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Flucloxacillin (INN) or floxacillin (USAN) is a narrow spectrum beta-lactam antibiotic of the penicillin class. It is used to treat infections caused by susceptible Gram-positive bacteria. Notably, it is active against beta-lactamase-producing organisms such as Staphylococcus aureus, which would otherwise be resistant to most penicillins. It is very similar to dicloxacillin and these two agents are considered interchangeable. Flucloxacillin is available under a variety of trade names including Flopen (CSL) and Floxapen (GSK).
Additional recommended knowledge
Mode of action
Like other β-lactam antibiotics, flucloxacillin acts by inhibiting the synthesis of bacterial cell walls. It inhibits cross-linkage between the linear peptidoglycan polymer chains that make up a major component of the cell wall of Gram-positive bacteria.
Flucloxacillin is insensitive to beta-lactamase (also known as penicillinase) enzymes secreted by many penicillin-resistant bacteria. The presence of the isoxazolyl group on the side chain of the penicillin nucleus facilitates the β-lactamase resistance, since they are relatively intolerant of side-chain steric hindrance. Thus it is able to bind to penicillin binding proteins (PBPs) and inhibit peptidoglycan crosslinking, but is not bound by or inactivated by β-lactamases.
Flucloxacillin is more acid-stable than many other penicillins and can be given orally, in addition to parenteral routes. However, like methicillin, it is less potent than benzylpenicillin against non-β-lactamase-producing Gram-positive bacteria.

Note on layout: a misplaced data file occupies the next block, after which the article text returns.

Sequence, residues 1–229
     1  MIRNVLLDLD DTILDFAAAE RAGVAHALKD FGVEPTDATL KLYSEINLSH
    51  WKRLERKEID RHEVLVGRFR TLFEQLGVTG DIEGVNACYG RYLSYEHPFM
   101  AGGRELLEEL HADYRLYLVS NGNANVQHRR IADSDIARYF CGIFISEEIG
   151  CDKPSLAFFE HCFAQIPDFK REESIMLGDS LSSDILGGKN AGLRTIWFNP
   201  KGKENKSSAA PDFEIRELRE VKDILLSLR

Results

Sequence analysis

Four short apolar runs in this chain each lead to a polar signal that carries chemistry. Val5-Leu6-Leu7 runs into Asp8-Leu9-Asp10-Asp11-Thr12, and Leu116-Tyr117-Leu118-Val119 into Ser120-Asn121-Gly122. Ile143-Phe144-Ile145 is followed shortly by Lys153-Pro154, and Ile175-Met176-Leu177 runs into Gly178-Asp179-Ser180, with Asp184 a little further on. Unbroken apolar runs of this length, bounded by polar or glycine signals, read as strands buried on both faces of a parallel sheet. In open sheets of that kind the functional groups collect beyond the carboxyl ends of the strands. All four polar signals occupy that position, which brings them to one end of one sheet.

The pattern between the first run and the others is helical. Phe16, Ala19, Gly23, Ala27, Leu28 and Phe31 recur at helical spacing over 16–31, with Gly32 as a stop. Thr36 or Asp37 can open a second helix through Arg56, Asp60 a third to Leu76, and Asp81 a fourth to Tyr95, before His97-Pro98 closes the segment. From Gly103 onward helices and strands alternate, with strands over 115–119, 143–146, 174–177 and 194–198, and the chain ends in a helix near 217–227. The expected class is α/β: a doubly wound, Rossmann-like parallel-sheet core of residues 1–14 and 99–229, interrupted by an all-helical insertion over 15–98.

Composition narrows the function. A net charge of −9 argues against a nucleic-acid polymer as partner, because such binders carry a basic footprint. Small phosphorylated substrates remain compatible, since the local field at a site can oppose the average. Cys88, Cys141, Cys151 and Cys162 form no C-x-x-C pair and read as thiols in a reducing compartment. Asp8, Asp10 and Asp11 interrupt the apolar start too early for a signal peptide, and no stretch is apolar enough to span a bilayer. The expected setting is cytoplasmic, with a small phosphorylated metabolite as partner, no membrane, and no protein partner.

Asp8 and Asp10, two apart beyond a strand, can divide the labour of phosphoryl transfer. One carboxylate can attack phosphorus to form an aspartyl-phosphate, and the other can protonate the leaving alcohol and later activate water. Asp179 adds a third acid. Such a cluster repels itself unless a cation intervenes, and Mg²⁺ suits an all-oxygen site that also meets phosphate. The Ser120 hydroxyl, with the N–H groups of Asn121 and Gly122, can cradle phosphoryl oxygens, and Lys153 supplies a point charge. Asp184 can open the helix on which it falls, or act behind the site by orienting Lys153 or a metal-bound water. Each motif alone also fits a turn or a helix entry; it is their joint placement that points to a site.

Flucloxacillin has similar pharmacokinetics, antibacterial activity and indications to dicloxacillin and the two agents are considered interchangeable. It is believed to have higher incidence of severe hepatic adverse effects than dicloxacillin, but a lower incidence of renal adverse effects.
Flucloxacillin is commercially available as the sodium salt flucloxacillin sodium, in capsules (250 or 500 mg), oral suspensions (125 mg/5 mL or 250 mg/5 mL), and injections (powder for reconstitution, 250, 500 and 1000 mg per vial).
Flucloxacillin has relatively poor activity, as noted above, against non-β-lactamase-producing bacteria including Streptococcus pyogenes. Therefore empirical therapy for significant cellulitis often involves dual-therapy to cover both staphylococci and streptococci, using either penicillin or ampicillin in addition to flucloxacillin. The latter is available as a standardised combination preparation co-fluampicil (flucloxacillin+ampicillin).
Flucloxacillin is contraindicated in those with a previous history of allergy to penicillins, cephalosporins or carbapenems. It should also not be used in the eye, or those with a history of cholestatic hepatitis associated with the use of dicloxacillin or flucloxacillin.
It should be used with caution in the elderly, patients with renal impairment, where a reduced dose is required; and those with hepatic impairment, due to the risk of cholestatic hepatitis.
Common adverse drug reactions (ADRs) associated with the use of flucloxacillin include: diarrhoea, nausea, rash, urticaria, pain and inflammation at injection site, superinfection (including candidiasis), allergy, and transient increases in liver enzymes and bilirubin.
Rarely, cholestatic jaundice (also referred to as cholestatic hepatitis) has been associated with flucloxacillin therapy. The reaction may occur up to several weeks after treatment has stopped, and takes weeks to resolve. The estimated incidence is 1 in 15,000 exposures, and is more frequent in people >55 years, females, and those with treatment longer than 2 weeks.
Despite flucloxacillin being insensitive to beta-lactamases, some organisms have developed resistance to it and other narrow-spectrum β-lactam antibiotics including methicillin. Such organisms include methicillin-resistant Staphylococcus aureus (MRSA).
|This article is licensed under the GNU Free Documentation License. It uses material from the Wikipedia article "Flucloxacillin". A list of authors is available in Wikipedia.|